Janisse Ray wrote the book on seed saving, and will talk about that at South Georgia Growing Local 2014:
From her book, The Seed Underground: A Growing Revolution to Save Food,
“If you haven’t heard what’s happening with seeds, let me tell you. They’re disappearing, about like every damn thing else…. But I’m not going to talk about anything that’s going to make us feel hopeless, or despairing, because there’s no despair in a seed.”
Her book bio, with picture by Raven Waters:
Writer, naturalist, and activist Janisse Ray is a seed-saver, seed-exchanger, and seed-banker, and has gardened for twenty-five years. She is the author of several books, including Pinhook and Ecology of a Cracker Childhood, a New York Times Notable Book. Ray is on the faculty of Chatham University’s low-residency MFA program, and is a Woodrow Wilson Visiting Fellow. She has won a Southern Booksellers Award for Poetry, a Southeastern Booksellers Award for Nonfiction, an American Book Award, the Southern Environmental Law Center Award for Outstanding Writing, and a Southern Book Critics Circle Award. She attempts to live a simple, sustainable life on a farm in southern Georgia with her husband, Raven Waters.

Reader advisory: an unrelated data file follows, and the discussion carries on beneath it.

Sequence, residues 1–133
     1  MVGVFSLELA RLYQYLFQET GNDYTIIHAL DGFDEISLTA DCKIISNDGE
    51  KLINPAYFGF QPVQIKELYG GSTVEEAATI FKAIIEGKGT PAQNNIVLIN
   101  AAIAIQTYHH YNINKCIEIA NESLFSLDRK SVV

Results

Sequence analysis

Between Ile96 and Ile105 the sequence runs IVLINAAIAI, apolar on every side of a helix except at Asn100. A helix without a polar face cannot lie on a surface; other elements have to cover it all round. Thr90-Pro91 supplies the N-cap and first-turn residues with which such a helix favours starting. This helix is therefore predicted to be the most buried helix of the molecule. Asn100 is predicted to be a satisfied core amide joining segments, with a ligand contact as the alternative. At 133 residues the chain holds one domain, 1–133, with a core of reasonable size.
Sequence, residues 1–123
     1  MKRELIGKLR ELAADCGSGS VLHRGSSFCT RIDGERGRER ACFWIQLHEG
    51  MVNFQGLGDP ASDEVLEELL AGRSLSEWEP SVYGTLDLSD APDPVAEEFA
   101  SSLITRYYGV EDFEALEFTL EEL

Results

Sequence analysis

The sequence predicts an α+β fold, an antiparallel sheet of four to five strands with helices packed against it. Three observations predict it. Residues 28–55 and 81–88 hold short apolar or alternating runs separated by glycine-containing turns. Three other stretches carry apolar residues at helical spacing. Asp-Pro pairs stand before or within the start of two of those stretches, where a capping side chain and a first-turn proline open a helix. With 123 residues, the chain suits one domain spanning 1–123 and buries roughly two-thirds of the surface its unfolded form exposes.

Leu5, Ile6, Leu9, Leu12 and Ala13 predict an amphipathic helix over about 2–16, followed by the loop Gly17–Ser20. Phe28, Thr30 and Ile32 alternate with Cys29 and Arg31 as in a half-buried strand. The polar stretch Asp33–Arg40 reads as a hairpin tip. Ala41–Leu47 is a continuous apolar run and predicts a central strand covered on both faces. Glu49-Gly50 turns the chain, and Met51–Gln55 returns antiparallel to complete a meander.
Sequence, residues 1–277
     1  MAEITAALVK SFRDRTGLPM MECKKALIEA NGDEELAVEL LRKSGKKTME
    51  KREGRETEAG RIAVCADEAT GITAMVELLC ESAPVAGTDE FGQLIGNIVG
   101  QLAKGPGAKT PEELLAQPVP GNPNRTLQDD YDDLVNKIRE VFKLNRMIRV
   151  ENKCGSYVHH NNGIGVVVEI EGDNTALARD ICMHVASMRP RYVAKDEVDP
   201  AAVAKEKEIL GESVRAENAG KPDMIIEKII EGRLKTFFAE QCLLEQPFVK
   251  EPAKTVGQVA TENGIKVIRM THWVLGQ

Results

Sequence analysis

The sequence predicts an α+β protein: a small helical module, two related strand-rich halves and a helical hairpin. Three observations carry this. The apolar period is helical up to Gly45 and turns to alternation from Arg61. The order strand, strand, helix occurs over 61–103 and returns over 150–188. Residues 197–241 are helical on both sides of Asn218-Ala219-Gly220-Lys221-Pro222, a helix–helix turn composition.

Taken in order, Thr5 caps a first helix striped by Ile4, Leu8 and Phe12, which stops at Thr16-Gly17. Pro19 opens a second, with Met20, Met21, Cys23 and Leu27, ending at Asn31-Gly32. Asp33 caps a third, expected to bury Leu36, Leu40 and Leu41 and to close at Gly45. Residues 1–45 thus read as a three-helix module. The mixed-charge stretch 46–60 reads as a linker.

Janisse is the author of many books, the first of which that may make no sense if you’re not from around here, but if you are, will be “More precious than handfuls of money:” Ecology of a Cracker Childhood (The World As Home), Reviews include:
Thinker Wendell Berry called the book “well done and deeply moving.” Anne Raver of The New York Times said of Janisse Ray, “The forests of the South find their Rachel Carson.”
Janisse Ray is a founding board member of Altamaha Riverkeeper, on the advisory board of Satilla Riverkeeper, a member of Seed Savers Exchange & Southern Seed Legacy, and one of the two co-founders of South Georgia Growing Local.
Come to SOGALO2014 and hear Janisse Ray talk about seed saving!